Someone like Norton is a safe toe in the water for a venue like Vinyl. After six specials and two New York Times best-sellers, he has a dedicated fan base that allows him to fill the 500 seats at Club Madrid despite flying under Middle America’s radar.
He also has a metric ton of respect in the comedy community. Which means he’s exactly the type of comedian who has the toughest go of it in Las Vegas. The road dogs who are there to entertain weary tourists willing to go see any show for 90 minutes? They have homes up and down the Strip. Headliners like Jeff Dunham, wildly popular but little regarded by the artistic-minded? He’s filling up the Colosseum. But those veterans who the comedy nerds love, and the up-and-comers who dazzle the obsessives, are stranded between two worlds.
Comedy here goes through periods of ebb and flow. The last upswing started in 2012 when the Laugh Factory at the Tropicana and Brad Garrett’s Comedy Club at MGM set up shop. Now Bonkerz is moving from Palace Station to the Foundation Room, Fiesta Henderson has announced the Cancun Comedy Jam and several Downtown locations have either hosted, or are rumored to be starting, comedy programs.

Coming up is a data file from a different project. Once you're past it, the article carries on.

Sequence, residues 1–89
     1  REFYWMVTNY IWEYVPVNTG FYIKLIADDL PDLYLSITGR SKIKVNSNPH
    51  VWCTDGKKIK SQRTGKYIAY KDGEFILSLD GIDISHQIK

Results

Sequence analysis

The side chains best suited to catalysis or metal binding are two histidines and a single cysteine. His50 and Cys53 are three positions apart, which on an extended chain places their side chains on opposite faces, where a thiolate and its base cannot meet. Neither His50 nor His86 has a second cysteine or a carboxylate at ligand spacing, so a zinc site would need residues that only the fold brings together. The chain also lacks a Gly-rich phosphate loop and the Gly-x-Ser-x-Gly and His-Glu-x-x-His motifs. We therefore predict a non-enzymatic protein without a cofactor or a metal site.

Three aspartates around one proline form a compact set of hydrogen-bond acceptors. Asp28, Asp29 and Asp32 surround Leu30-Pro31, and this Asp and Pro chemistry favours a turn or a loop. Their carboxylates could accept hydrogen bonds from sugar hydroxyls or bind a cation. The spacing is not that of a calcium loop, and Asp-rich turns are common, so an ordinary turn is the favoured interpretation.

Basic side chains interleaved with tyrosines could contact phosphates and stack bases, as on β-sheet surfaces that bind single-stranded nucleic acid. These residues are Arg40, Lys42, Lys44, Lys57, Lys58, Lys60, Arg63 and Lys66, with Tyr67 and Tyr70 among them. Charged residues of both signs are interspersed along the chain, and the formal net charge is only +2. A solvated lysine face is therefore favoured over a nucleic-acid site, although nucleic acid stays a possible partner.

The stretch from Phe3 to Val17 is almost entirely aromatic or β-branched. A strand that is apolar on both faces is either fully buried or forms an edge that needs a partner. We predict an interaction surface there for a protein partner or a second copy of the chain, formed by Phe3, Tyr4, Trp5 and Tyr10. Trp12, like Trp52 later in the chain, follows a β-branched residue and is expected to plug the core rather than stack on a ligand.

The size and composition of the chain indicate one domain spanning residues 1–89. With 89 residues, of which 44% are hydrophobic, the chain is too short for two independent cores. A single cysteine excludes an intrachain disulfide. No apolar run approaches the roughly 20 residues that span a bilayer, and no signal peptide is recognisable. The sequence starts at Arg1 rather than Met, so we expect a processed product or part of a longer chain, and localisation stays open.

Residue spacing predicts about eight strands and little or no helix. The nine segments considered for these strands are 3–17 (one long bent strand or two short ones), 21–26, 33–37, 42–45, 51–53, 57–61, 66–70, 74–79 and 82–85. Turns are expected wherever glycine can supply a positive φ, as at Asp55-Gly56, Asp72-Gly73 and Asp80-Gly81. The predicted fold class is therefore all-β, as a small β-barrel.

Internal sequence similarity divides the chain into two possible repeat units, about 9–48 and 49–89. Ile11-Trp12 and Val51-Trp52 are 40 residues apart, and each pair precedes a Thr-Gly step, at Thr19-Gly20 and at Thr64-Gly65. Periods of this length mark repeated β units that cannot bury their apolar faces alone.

Hard Rock director of entertainment Max McAndrew helped bring comics to the House of Blues at Mandalay Bay in the pre-Live Nation days. Now he thinks he can replicate that success at Vinyl.
“When Vinyl was built, one of the intentions was to do comedy in here,” McAndrew says. “Being the Hard Rock, we have to go after A-level talent. Yes, the lion’s share of that falls to people who play instruments. But if you look at The Joint and some of the big comedians we’ve done there, we knew that could also work for us at Vinyl.”